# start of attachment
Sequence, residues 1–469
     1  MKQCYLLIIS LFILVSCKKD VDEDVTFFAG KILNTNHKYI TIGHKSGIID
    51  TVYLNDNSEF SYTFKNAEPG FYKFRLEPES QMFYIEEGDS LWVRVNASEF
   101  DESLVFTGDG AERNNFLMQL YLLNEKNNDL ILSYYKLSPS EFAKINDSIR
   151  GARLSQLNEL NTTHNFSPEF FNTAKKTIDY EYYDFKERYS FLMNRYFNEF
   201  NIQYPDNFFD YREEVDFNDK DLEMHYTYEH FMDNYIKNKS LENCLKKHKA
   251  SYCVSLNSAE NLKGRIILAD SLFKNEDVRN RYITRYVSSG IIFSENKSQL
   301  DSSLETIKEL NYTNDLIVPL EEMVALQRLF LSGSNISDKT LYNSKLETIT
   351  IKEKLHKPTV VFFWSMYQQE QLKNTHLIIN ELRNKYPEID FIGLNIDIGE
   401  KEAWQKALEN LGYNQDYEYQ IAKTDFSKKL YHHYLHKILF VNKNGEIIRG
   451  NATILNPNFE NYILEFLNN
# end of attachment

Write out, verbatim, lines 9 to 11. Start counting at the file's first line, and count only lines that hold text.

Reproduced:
   351  IKEKLHKPTV VFFWSMYQQE QLKNTHLIIN ELRNKYPEID FIGLNIDIGE
   401  KEAWQKALEN LGYNQDYEYQ IAKTDFSKKL YHHYLHKILF VNKNGEIIRG
   451  NATILNPNFE NYILEFLNN